Article: What Do Overclockers and Supercomputers Have in Common?
By: Ricardo B (ricardo.b.delete@this.xxxxx.xx), June 24, 2011 2:29 pm
Room: Moderated Discussions
I'm afraid you're quite wrong.
It's not a mere matter of air flow.

Besides airflow, there are two more key parameters in the transfer of heat to air: the contact area and the temperature difference between the contact area and the air.

In order to maximize heat radiation you want your heat sink to have as much contact area as possible. Thus, the heat sink designs with lots of big fins.

However, there's a catch. The material's (aluminium, copper) thermal resistance will produce a temperature gradient.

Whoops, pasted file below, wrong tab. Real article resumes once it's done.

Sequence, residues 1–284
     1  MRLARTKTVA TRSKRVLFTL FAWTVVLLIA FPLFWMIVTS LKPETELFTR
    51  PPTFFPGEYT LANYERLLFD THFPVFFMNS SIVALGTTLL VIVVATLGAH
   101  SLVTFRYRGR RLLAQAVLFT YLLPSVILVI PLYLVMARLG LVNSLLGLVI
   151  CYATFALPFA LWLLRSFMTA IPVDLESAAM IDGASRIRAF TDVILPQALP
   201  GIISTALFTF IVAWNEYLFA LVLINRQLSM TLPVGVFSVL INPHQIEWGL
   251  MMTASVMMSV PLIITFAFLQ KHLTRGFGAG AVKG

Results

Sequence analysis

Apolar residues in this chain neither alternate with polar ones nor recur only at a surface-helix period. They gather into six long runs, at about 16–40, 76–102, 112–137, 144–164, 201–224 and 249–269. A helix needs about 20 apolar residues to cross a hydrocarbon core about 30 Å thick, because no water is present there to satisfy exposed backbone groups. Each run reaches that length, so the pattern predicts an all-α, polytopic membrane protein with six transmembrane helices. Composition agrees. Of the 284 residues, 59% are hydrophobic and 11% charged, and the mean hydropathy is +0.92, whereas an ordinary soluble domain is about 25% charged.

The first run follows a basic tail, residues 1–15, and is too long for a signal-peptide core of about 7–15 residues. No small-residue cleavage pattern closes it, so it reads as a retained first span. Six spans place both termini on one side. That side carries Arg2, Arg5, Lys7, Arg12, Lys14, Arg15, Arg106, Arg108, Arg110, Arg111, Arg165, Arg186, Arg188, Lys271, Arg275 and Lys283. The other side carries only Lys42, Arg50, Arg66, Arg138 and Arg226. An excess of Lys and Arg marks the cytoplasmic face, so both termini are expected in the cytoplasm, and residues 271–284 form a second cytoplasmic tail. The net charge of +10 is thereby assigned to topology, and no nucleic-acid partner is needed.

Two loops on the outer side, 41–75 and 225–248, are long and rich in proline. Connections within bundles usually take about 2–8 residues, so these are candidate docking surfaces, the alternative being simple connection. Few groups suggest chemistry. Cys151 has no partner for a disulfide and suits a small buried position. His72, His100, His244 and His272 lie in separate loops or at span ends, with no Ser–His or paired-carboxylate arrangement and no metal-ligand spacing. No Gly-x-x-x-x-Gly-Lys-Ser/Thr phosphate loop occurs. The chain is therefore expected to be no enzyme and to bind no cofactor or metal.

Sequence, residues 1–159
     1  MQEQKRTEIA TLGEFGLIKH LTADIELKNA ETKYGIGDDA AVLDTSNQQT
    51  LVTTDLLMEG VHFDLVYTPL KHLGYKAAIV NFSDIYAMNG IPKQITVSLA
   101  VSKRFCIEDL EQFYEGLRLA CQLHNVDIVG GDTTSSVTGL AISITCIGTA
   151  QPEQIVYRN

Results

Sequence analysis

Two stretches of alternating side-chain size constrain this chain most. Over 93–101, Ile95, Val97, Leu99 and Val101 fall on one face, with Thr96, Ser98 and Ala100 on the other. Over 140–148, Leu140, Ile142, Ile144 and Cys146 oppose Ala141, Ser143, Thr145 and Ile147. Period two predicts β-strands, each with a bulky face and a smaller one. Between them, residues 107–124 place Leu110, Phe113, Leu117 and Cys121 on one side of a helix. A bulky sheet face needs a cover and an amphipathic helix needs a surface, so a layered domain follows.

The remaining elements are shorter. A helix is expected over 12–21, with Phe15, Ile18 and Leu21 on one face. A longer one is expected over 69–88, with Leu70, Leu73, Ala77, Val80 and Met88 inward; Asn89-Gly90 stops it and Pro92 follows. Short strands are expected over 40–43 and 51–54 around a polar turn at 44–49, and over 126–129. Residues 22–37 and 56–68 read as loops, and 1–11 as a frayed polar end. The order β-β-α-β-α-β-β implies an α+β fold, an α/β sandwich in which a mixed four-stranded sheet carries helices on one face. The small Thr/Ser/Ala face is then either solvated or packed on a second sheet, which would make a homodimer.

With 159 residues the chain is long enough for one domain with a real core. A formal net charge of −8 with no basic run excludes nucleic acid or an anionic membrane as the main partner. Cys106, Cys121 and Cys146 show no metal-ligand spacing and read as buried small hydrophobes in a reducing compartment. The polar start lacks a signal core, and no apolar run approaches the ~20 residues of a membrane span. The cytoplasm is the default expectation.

That is, the heatsink will always be hotter at the base and cooler at the edges.

This means that increasing the contact area has diminishing benefits: you increase area, but a greater part of that are is cooler and radiates less heat.

Enter water cooling.
With a circulating fluid, like water or oil, the temperature gradients are much smaller.
In turn, this allows for radically different radiator designs, with a much larger and effective contact area.

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